Australian authorities are examining material washed ashore to determine if it is related to missing Malaysia Airlines flight MH370.
The debris was found by a member of the public near the town of Augusta, some 190 miles south of Perth.
Images of the debris have been sent to the Australian Transport Safety Bureau (ATSB), which is now investigating.
“It’s sufficiently interesting for us to take a look,” an ATSB chief Martin Dolan told CNN.
Martin Dolan said the debris looked like sheet metal with rivets in it, but added: “The more we look at it, the less excited we get.”
The ATSB confirmed it was examining the photographs “to determine whether further physical analysis is required and if there is any relevance to the search of missing flight MH370”.
The images have also been sent to authorities in Malaysia and the ATSB is expected to collect the material later on Wednesday.
The material was metallic and about 8ft long, ABC News reported.
The Malaysia Airlines aircraft was carrying 239 people from Kuala Lumpur to Beijing when it disappeared in March.
Malaysia is running the investigation into the plane’s disappearance, but search efforts are being led by Australia’s Joint Agency Co-ordination Centre (JACC).
For the past two days, bad weather has prevented planes from taking part in the search about 990 miles north-west of Perth.
The US Navy Bluefin-21 mini-submarine scanning the ocean bed has covered more than 80% of a120 sq mile search area in the southern Indian Ocean, without finding any sign of debris in water.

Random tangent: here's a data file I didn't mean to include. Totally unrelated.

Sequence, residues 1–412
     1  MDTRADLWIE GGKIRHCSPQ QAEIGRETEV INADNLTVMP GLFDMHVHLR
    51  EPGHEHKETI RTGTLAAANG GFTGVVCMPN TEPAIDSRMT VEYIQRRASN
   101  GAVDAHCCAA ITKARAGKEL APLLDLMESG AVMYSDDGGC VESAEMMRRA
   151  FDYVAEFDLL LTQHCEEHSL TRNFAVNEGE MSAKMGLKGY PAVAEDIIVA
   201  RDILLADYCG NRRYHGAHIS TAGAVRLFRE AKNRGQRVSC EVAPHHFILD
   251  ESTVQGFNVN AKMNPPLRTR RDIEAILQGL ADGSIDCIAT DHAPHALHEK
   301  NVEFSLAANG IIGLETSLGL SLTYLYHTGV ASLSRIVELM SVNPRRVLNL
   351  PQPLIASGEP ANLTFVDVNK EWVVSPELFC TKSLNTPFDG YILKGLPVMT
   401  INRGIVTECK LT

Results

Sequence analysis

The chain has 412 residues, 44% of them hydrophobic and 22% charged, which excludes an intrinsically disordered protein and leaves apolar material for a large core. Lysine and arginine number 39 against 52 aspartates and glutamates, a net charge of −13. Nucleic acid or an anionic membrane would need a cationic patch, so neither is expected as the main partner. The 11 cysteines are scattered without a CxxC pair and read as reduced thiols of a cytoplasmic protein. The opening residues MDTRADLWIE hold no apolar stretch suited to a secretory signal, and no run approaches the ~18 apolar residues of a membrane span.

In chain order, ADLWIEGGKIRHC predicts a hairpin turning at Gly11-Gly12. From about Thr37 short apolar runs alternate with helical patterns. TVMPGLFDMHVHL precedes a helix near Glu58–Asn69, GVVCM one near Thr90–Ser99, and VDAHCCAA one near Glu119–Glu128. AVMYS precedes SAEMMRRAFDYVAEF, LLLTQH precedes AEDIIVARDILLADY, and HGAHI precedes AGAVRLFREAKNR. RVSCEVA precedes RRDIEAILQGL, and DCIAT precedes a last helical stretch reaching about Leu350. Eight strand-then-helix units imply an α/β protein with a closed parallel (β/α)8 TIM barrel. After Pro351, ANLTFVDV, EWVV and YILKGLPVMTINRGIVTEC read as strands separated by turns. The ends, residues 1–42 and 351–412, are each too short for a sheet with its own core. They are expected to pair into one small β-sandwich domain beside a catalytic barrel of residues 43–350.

Up to 10 military aircraft and 12 ships are currently taking part in the hunt. The daily operation, involving some two dozen nations, is already shaping up to be the most expensive in aviation history.
Australia said on Wednesday that it would not abandon the hunt, insisting that the cost of the operation was not a concern.
Australian PM Tony Abbott said if the current underwater search was unsuccessful, a new strategy would begin.
Defense Minister David Johnston has said that sophisticated sonar equipment will probably be used in the next stage.
“The next phase, I think, is that we step up with potentially a more powerful, more capable side-scan sonar to do deeper water,” David Johnston said.
Tony Abbott said the probable impact zone of the airliner was in an area of the sea floor 430 miles long and 50 miles wide.
In a separate development, Malaysian Transport Minister Hishammuddin Hussein said that his country’s cabinet had approved the formation of an international investigation team to find out what happened to the missing plane.
“The main purpose of the team is to evaluate, investigate and determine the actual cause of the accident so similar accidents could be avoided in the future,” he told reporters in Kuala Lumpur.
Australia says that it is now consulting with Malaysia, China and the US on the next phase of the search, which is likely to be announced next week.
Tony Abbott said a new search strategy would be put into action if nothing was found in the current seabed search.
“If at the end of that period we find nothing, we are not going to abandon the search, we may well rethink the search, but we will not rest until we have done everything we can to solve this mystery,” he said.
“We owe it to the families of the 239 people on board, we owe it to the hundreds of millions – indeed billions – of people who travel by air to try to get to the bottom of this.”
“The only way we can get to the bottom of this is to keep searching the probable impact zone until we find something or until we have searched it as thoroughly as human ingenuity allows at this time,” Tony Abbott said.
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